M.N. (Canada)

Really interesting reinvention of the Myanmar stock. The dry down released fragrances in an unexpected order. It kept surprising me.
K.P. (USA)

Never smelled a Oud like that and I still can't wrap my head around it. As a matter of fact I noticed that I was slouching on my desk and with one sniff my back got stiffened and I sat at attention, I joke you not, it was an instinctive reaction this was the Oil named, KaChin Ko Chin, what is this beast?
H.S. (USA)

The Kachin/Burmese is awesome. Has an untamed glow to it!
L.K. (USA)

Been trying out your Kachin, really loving it...really need to compare it side by side with Manaka but I have a feeling my preference is the former over the latter! Someone told me about the mystical effect of Burmese oil and I can understand why now.
M.A. (Singapore)

Ok I test drove the KKS again - lovely oil - it is interesting how fast the scent evolves with this one (or maybe its just the cold and dry weather here.  It develops a sort of Cambodi fruity quality for me - the green note morphs into a sweet fruity sort of thing, and then morphs into something further still..
J.M. (USA)

Yesterday was the first day of trying and give it a full wear of Kachin ko-shwe, wow what a nice drydown at first the so strong green note put me off a little, but then in an hour or so comes the magic. 

I'm wearing this oud oil today for a second time since I received the samples and I am simply wowed by it.
What an uplifting and beautiful oud!
A.C. (USA)

Kachin Ko-Shwe is very close to Royal Chen Xiang – I compared both and if anyone loves one, they will love the other.  Kachin Ko-Shwe appears a little more refined and ethereal but the footprint of both scents is very similar.  It seems to resonate at a slightly higher octave while RCX has more going on in the base.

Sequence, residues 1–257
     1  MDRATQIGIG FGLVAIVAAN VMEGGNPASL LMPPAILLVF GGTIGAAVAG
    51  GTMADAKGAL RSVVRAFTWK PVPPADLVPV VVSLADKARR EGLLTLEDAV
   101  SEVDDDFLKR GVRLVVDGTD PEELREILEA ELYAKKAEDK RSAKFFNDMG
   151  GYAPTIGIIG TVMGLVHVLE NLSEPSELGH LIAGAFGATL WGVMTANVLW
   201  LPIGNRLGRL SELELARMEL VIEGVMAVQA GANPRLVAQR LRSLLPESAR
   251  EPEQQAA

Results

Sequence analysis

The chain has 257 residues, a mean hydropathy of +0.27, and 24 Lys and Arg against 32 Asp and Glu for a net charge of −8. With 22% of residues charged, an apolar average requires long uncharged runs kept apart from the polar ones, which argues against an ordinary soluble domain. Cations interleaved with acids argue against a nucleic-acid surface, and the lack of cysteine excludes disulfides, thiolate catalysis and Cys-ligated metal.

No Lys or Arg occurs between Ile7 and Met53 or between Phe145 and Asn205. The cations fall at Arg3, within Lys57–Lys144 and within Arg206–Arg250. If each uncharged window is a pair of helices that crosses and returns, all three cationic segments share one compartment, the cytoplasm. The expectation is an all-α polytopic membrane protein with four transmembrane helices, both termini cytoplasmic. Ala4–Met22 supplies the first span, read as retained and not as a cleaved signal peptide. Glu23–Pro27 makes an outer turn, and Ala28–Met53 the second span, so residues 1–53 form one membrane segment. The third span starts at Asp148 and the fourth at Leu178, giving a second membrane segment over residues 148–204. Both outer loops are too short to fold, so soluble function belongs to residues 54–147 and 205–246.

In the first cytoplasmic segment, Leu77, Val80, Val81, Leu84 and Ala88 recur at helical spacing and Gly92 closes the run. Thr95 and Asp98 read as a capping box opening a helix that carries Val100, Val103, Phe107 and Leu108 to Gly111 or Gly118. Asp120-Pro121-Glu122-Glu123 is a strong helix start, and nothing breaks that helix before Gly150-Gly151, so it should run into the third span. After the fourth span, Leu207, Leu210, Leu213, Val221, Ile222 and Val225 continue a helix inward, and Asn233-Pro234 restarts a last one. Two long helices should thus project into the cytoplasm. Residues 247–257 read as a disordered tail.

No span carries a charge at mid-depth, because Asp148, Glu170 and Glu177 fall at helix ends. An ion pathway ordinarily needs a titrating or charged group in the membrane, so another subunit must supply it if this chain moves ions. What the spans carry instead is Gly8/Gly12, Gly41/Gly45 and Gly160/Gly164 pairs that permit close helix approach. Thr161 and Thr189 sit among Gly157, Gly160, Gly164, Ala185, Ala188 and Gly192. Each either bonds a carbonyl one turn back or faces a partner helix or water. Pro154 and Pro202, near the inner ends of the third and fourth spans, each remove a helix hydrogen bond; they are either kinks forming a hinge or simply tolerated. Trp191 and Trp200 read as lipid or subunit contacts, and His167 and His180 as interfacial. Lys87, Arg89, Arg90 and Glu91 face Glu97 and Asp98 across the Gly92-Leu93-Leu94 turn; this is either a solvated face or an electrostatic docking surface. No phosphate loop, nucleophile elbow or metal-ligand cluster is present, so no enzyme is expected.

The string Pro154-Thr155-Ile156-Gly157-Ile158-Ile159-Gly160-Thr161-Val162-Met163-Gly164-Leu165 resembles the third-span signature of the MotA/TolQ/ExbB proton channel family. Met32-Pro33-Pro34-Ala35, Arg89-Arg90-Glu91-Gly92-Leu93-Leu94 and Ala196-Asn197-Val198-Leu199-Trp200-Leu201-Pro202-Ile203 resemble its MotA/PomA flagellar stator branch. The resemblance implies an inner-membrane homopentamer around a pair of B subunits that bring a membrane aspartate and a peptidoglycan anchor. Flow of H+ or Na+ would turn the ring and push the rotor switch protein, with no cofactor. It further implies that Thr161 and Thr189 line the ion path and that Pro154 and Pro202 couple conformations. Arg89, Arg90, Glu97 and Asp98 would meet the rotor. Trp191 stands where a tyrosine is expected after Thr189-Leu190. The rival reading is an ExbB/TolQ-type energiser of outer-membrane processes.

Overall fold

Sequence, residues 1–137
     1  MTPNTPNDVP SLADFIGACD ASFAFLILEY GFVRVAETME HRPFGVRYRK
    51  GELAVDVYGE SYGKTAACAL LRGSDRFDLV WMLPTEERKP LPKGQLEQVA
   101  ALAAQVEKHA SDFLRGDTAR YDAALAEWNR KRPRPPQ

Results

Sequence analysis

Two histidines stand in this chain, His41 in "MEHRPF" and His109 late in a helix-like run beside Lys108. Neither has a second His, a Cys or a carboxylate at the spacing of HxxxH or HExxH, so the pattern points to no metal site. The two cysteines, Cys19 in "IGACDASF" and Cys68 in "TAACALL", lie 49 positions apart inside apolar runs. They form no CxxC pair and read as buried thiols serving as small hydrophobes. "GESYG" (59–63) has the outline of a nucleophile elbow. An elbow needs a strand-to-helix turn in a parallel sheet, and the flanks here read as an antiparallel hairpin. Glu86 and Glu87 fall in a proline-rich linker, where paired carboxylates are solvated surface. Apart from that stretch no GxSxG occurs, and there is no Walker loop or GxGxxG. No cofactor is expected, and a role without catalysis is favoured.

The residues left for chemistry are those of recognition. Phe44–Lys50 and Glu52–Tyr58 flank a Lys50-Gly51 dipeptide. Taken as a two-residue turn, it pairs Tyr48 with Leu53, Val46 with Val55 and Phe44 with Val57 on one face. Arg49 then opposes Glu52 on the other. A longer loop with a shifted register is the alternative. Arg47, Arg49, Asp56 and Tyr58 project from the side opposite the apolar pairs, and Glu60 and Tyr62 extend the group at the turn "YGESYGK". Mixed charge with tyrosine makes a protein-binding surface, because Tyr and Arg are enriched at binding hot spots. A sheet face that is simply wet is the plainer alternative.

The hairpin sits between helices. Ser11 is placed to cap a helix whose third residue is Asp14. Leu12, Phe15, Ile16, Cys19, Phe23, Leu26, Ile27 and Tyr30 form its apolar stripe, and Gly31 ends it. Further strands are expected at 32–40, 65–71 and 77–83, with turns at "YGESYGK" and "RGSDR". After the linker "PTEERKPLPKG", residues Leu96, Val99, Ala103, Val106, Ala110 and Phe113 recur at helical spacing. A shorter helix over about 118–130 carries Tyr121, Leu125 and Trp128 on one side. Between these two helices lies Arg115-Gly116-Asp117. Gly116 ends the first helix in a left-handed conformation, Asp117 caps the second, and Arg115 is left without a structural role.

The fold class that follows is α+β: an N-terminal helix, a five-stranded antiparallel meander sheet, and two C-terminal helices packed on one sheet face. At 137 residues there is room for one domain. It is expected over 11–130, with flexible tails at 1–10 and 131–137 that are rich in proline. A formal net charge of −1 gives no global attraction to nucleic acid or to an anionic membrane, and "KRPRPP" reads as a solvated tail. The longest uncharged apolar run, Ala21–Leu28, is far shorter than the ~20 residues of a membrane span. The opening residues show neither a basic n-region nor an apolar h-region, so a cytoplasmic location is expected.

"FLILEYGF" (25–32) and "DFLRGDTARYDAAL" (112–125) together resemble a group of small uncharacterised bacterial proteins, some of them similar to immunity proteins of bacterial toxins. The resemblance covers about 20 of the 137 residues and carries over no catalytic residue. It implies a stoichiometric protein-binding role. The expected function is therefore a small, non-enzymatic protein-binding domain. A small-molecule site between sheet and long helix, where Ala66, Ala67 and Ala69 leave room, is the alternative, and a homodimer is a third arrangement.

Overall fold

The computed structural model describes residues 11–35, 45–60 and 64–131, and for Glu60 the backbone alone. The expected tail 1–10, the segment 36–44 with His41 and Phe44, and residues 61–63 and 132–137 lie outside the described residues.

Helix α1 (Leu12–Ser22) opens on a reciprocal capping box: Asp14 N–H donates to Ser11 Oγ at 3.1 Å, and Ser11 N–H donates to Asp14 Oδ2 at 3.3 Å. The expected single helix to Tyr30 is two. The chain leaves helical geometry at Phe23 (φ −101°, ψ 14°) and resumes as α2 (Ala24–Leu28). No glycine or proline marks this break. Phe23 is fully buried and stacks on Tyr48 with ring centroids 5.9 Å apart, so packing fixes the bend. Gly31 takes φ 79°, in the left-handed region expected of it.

J.B. (USA)

Incense and flowers, resin and fruit. Perfect.
Customer (Canada)

You were right about Kachin appealing to me, that is the most unusual one, similar to Royal Xiang but the scent keeps morphing if you know what I mean. The moment I think I pinned down the scent it morphs.
A.A. (Croatia)

Right away I get this piercing green opening which was totally new and unexpected to me which I guess has to do with the red kinam (I really need to get some premium wood to experience once what it is like and to better appreciate the link with the oils); to me I'm certainly fool but at this point it smells like the finest green hot pepper. The when comes the sweetness (I love the sweetness feature you manage to get in any of your oils) and both greeness and sweetness features strongly mix together I just enjoy the finest nectar. I simply love it and I just wish it stayed longer as progressively the green note seems to fade away (yet stays in the background) or rather calms down and shows some maturity leaving an aroma of high quality agarwood dust.
A.K. (France)

Kachin ko is so nice, though with its fresh peeled green tree opening that indeed gets sweeter in the dry down.
I'm in oud nirvana right now, man. Thanks again.
M.N. (Canada)